Related to carbs/sugar, I also try to cut off any wheat/processed flour from my diet. In short, anything made from wheat/flour gets digested very fast, creates a sugar-high spike and but that crashes as soon as the sugar gets depleted, causing you to eat more! That obviously adds more calories to your daily intake. What you'll want to eat are complex carbs: rhizomes of different colors, brown rice, beans, etc. These take a lot of energy to burn (that's good!) and they burn slowly, preventing sugar spikes, allowing a desirable sustained and slow release of energy that creates satiety at the same time. 
Yes, that means a lot of commercially available foods must be eliminated from your diet if you are serious about losing weight. I'll just list some of the obvious ones: bread, noodles, cake and pastries.

There are a lot of YouTube documentaries about insulin resistance, the obesity epidemic and the causes of it. Watch with an open mind because most/all media has an agenda.

What I eat/do to my food:

1. A large variety of foods. My theory on why the Japanese people are slimmer as compared to the rest of the world is because their (traditional) meals consist of many many many SMALL portions of different type of food/TASTES and color. All these different aspects combine to create satiety and a nutritious diet. They also do not over-cook their food. It's a common fact that over-cooking depletes food of nutrients.

2. A lot of protein: salmon, beef, eggs, nuts, milk, soy, beans, chicken, etc

3. If you intensely want to lose the weight fast, cut down on the oil/fats during the cooking/eating process. The fats that you'll need for a healthy life; there's plenty of it that already exist in the food: eggs, meat, milk, nuts, soy, etc. Did I mention cooking process? Yes, try to cook your own food as much as possible. Invest in a quality non-stick pan and you virtually do not have to add oil to your food. I cook my salmon first; some of oil comes out, use that oil for mushrooms/vegetables/chicken/eggs. Any oil that you use in your food goes straight into fat storage in your body. But do note that the body NEEDS good fats/oils (like omega-3, etc).

Important: Steer clear of almost all sauces/gravy in your food. They usually contain a high amount of fats and sugar.

4. A lot of water (+ soup), vegetables and fruits. Some crazy people will tell you to reduce the intake of fruits because they contain a lot of sugar. Meh. I'll say eat as much fruit as you want because they are nutritious, fill you up and they give you fiber and water. HOWEVER, just as not all calories are equal, not all fruits are equal. Fruits like apples, kiwi, bananas >  durian and jack fruit, which are comparatively high in sugar.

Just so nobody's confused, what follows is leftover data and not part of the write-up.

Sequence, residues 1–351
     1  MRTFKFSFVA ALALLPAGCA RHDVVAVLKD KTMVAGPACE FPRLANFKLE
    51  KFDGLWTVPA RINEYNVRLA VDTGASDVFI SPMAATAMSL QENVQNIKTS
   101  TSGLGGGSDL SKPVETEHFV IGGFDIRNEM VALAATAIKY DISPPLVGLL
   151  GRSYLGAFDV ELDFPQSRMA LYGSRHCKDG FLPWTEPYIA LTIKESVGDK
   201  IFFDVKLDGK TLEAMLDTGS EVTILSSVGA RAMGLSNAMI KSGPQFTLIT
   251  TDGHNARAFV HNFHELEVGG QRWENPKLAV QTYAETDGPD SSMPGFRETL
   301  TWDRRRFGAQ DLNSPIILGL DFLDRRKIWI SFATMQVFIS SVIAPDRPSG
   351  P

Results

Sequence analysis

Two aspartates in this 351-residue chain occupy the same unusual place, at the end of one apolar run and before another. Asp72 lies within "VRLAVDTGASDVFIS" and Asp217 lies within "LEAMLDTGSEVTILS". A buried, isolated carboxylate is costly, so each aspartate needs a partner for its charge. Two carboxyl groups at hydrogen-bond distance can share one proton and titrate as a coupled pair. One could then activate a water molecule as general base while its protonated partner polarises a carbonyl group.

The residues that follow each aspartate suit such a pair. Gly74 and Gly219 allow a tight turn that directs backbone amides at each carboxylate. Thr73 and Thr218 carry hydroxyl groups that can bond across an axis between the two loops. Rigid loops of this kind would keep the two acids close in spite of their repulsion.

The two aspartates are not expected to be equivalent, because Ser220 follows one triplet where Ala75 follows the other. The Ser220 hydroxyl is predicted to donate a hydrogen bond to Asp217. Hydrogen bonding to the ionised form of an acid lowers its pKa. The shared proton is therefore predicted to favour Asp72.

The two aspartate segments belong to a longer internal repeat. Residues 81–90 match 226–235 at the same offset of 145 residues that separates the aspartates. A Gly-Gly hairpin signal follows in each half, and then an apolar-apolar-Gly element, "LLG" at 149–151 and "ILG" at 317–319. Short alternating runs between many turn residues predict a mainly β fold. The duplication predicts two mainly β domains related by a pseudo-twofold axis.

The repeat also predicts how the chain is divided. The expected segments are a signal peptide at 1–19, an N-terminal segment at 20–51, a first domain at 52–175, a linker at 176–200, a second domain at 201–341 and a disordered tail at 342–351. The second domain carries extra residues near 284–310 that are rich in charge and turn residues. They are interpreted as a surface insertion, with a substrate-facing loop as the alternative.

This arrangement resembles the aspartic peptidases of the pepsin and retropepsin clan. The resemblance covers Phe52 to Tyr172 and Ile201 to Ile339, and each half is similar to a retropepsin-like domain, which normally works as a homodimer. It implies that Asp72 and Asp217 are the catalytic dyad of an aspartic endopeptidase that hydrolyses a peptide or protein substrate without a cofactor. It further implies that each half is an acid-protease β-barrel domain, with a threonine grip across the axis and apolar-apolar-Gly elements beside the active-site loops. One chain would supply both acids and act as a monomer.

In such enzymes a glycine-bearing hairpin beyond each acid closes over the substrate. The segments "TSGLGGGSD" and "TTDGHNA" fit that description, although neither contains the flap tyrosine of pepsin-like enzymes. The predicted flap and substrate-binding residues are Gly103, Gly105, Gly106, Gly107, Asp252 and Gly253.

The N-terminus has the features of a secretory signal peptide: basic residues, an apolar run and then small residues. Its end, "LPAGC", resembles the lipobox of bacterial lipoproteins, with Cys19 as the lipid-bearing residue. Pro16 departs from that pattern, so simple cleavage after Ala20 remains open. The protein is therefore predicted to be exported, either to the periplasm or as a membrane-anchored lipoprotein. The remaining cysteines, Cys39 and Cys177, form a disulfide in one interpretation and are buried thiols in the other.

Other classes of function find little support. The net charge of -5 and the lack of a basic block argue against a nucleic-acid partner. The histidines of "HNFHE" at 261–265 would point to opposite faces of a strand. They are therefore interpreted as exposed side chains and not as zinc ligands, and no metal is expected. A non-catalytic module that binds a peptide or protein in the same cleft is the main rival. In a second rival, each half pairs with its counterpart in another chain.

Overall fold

5. Read labels. Not all processed foods are not good. Regular milk, soy milk, canned tuna in water, oats are extremely nutritious food that are canned/bottled.

6. Eliminate processed food from the diet. If I want to eat potatoes, I eat potatoes, I don't buy potato chips or french fries. If I want to eat fish, I buy fish, I don't buy fish balls or fish cakes. I eat real chicken; not chicken nuggets. You get the idea.

The Sad Reality:

It's very hard to find healthy food when you are out of the house. Most of the supermarket/food court/cheap/street food are not healthy or help with weight-loss. That's a very scary fact. There are known nutritionists who advocate that we should eat what our grandparents ate when they were young. A LOT of foods that we eat today on a daily basis were NOT invented then (including sliced bread!)

Read more: http://www.trueactivist.com/what-can-we-learn-from-how-grandma-and-grandpa-used-to-eat/

I live in Singapore and I was watching a documentary about Singapore with footage of the 70s and 80s and it's very evident that the peoples' waistlines has increased significantly. Singapore's example is not unique. As nations become more affluent, with the influx of fast food and 'tastier' supermarket processed foods, the population gets fatter and fatter.


Changing your diet will have to be a life-long commitment. Unfortunately, commercialism will always try to steer people off the healthy food course. It will have to be a decision you'll have to make for yourself. There are delicious food out there; you'll have to find it or cook it yourself. There are a lot of helpful chefs/home cooks/nutritionists out there who publishes healthy recipes online and in print.

I wish you the best! I'll try to help out too! Ask me your questions; I am still learning too, but I like to help. Next topic: The Exercise (Part 3)!